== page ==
The Association of Investment Companies (AIC) has found 20 of the top-performing investment trusts over the last decade that are currently trading at double-digit discounts to their net asset value (NAV).
Better still, this long-term investor is a shareholder in two of the top three investment trusts in the AIC analysis - and I hold shares in two other funds among the 20 winners priced at less than 90% of their NAVs. Sometimes much less.
Sad to say, I missed the absolute top performer Allianz Technology Trust (LSE:ATT) that delivered eye-stretching total returns of 396% over the last decade but remains priced 13% below its NAV. Fortunately, Polar Capital Technology (LSE:PCT), which I have held for more than a decade, is not far behind with total returns of 366% over the last 10 years and trades at a discount of 14%.
As their names suggest, both funds surf digital developments that continue to transform the worlds of work and leisure. ATT has been rewarded for holding smaller and potentially riskier assets but its top three underlying holdings are the blue chip, semiconductor-maker NVIDIA Corp (NASDAQ:NVDA); the most valuable business on this planet Apple Inc (NASDAQ:AAPL); and the software giant Microsoft (NASDAQ:MSFT).
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Meanwhile, PCT’s top three holdings are in the same companies but in a different order: AAPL and MSFT followed by NVDA. Miles away from those mega-corporations, ATT’s top 10 assets also include less-well-known companies such as Datadog (NASDAQ:DDOG) and MongoDB Inc Class A (NASDAQ:MDB). Having read profiles of both businesses, I still don’t understand what they do, which rules them out for this investor.
More positively, I am glad I diversified a 27-year-old shareholding in JPMorgan Indian Ord (LSE:JII) - which was my first 10-bagger but has underperformed over the last decade - with a complementary holding in India Capital Growth Ord (LSE:IGC). The latter came second in this analysis with a total return of 390% over the last decade and remains priced 11% below NAV. IGC left JII and most competitors in the dust with its focus on medium and smaller companies in the world’s fifth-largest economy.
The smaller companies theme, including some businesses that are not listed on any stock market, continues into the fourth and fifth-placed investment trusts in the AIC’s analysis. HgCapital Trust (LSE:HGT) and NB Private Equity Partners (LSE:NBPE) hold few household names, but they delivered total returns of 351% and 322% respectively, while offering eye-catching discounts of 22% and 30%.
As usual in the private equity sector, and elsewhere, it is important to beware the risk that NAV’s might prove out-of-date and unattainable in practice. However, unlike the top three investment trusts, which pay no dividends at all, at least HGT yields 1.9% and NBPE pays 4.9% income.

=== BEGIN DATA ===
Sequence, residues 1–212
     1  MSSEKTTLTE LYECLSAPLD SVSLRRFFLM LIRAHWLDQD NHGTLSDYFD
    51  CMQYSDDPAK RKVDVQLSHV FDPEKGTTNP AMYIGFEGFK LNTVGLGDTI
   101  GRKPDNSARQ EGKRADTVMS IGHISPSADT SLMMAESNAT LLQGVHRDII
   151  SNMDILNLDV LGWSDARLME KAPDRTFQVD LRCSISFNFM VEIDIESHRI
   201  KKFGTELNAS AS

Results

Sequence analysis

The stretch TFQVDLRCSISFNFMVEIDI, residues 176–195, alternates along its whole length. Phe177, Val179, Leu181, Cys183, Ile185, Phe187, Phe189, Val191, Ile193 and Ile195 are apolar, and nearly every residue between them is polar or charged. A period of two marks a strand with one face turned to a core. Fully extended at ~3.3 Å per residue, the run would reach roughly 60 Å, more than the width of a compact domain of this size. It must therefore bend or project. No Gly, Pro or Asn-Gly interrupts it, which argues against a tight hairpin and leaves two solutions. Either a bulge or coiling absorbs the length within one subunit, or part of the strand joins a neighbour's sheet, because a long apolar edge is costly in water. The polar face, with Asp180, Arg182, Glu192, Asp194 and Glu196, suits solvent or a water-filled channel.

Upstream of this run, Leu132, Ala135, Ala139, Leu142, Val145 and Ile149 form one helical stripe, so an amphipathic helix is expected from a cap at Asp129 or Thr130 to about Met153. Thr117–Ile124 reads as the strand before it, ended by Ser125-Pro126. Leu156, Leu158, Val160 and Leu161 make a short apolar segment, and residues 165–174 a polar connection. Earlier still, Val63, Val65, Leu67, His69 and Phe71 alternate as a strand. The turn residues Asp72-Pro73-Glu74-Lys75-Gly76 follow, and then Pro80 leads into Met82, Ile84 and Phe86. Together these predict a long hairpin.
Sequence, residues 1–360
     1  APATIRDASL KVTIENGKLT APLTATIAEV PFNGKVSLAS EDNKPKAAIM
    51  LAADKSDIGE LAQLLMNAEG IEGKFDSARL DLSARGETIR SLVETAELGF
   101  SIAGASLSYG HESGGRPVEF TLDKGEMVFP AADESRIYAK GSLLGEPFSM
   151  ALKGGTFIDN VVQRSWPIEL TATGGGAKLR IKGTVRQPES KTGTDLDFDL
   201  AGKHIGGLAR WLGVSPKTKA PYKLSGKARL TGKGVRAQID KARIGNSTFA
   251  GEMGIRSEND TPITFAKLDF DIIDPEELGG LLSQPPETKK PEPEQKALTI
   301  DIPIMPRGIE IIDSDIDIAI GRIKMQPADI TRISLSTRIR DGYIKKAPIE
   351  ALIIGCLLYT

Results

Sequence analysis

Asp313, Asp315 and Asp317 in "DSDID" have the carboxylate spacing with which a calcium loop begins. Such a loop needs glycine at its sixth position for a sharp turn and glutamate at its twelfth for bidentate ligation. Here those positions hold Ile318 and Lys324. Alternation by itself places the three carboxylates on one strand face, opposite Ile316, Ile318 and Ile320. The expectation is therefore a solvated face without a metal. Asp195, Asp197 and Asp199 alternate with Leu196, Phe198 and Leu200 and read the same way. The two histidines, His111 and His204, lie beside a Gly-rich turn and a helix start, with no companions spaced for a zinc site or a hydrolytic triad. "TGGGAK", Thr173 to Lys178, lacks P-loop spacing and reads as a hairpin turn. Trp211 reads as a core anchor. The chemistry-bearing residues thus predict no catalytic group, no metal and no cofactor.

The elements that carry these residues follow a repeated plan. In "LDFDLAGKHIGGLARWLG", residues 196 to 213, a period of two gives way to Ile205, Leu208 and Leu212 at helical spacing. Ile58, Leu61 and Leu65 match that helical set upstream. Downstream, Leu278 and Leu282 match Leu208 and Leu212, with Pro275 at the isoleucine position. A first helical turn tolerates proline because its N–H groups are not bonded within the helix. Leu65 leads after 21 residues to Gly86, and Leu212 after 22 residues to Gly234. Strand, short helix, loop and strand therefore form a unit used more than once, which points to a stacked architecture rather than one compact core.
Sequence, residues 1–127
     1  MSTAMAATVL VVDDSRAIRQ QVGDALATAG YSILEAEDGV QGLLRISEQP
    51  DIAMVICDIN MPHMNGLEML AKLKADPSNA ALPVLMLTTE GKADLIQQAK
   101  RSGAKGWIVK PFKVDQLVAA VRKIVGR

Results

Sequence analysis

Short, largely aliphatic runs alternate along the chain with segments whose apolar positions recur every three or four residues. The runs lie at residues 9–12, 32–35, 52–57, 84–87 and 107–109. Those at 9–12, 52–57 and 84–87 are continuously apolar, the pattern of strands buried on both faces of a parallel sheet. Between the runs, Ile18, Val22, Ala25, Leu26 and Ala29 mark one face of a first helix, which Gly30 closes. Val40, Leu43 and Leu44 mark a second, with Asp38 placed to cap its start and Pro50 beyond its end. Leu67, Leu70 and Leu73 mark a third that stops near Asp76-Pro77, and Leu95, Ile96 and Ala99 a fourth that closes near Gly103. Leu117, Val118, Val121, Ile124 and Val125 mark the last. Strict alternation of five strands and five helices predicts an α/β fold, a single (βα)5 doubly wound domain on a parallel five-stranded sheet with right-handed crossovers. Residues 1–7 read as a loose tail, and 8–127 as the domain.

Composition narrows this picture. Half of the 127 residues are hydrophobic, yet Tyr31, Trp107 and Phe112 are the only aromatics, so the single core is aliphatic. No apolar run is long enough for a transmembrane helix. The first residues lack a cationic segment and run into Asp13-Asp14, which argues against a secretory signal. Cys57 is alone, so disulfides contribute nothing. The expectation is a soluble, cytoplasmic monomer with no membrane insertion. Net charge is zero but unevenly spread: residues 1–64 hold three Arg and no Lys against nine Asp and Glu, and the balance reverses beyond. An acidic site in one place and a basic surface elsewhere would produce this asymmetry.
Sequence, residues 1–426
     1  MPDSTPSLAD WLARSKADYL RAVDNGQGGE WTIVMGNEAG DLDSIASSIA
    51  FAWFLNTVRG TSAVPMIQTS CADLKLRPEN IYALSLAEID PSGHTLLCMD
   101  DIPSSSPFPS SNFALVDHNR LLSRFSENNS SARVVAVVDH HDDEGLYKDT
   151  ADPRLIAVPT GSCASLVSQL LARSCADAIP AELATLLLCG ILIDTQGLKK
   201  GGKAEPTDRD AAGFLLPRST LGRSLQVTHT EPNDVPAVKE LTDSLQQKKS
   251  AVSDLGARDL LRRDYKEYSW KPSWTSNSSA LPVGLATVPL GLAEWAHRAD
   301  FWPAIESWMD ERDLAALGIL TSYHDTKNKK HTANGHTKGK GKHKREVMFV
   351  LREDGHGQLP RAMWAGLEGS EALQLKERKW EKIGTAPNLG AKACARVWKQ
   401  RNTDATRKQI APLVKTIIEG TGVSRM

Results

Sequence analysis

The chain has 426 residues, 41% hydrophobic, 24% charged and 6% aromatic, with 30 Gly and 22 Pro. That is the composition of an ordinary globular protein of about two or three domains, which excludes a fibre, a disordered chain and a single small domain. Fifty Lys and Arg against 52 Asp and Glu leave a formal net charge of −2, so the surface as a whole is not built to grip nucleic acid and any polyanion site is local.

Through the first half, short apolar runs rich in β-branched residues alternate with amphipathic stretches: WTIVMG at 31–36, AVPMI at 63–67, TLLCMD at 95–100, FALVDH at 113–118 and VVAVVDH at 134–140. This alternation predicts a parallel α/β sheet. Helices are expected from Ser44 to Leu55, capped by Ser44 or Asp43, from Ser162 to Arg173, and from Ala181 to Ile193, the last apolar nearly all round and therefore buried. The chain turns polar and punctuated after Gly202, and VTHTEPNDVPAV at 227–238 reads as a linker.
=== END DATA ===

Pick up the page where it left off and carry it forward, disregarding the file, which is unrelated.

One country, where many British investors have no direct exposure, provides the site of the sixth and seventh-best shares in this analysis. VietNam Holding (LSE:VNH) and VinaCapital Vietnam Opp Fund (LSE:VOF) delivered total returns of 295% and 288% respectively but remain priced at 14% and 21% below their NAVs.
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VNH pays no dividends but VOF pays this happy shareholder nearly 3% income. As reported here and elsewhere several times in recent years, Vietnam is benefiting from rising tensions between America and China, with many companies based in the former country keen to reduce their reliance on the latter.
This small shareholder’s fourth entry in the AIC’s top 20 ranks 19th in this analysis but might still reward attention: Canadian General Investments GBP (LSE:CGI) delivered total returns of 179% over the last decade and is priced 36% below its NAV.
That is despite NVDA being CGI’s biggest holding, comprising 8% of the fund, and AAPL also featuring in the top 10. Other assets include more Canadian-specific companies, such as the railways operator Canadian Pacific Kansas City (TSE:CP), and the wood, pulp and paper group, West Fraser Timber Co.Ltd (TSE:WFG). CGI offers a nominal yield of 2.9%, but it is only fair to warn that Canadian withholding taxes are proving problematic for this British investor.
With all the bad news out there, such worries seem insignificant, and many folk will prefer to weather the storms ahead from short-term safe havens, such as bank or building society deposits. However, long-term investors might find bargains for the brave among top-performing trusts trading at double-digit discounts today.
Ian Cowie is a freelance contributor and not a direct employee of interactive investor.
Ian Cowie is a shareholder in Apple (AAPL), Canadian General Investments (CGI), India Capital Growth (IGC), Microsoft (MSFT), Polar Capital Technology (PCT), and VinaCapital Vietnam Opportunities Fund (VOF) as part of a globally diversified portfolio of investment trusts and other shares.
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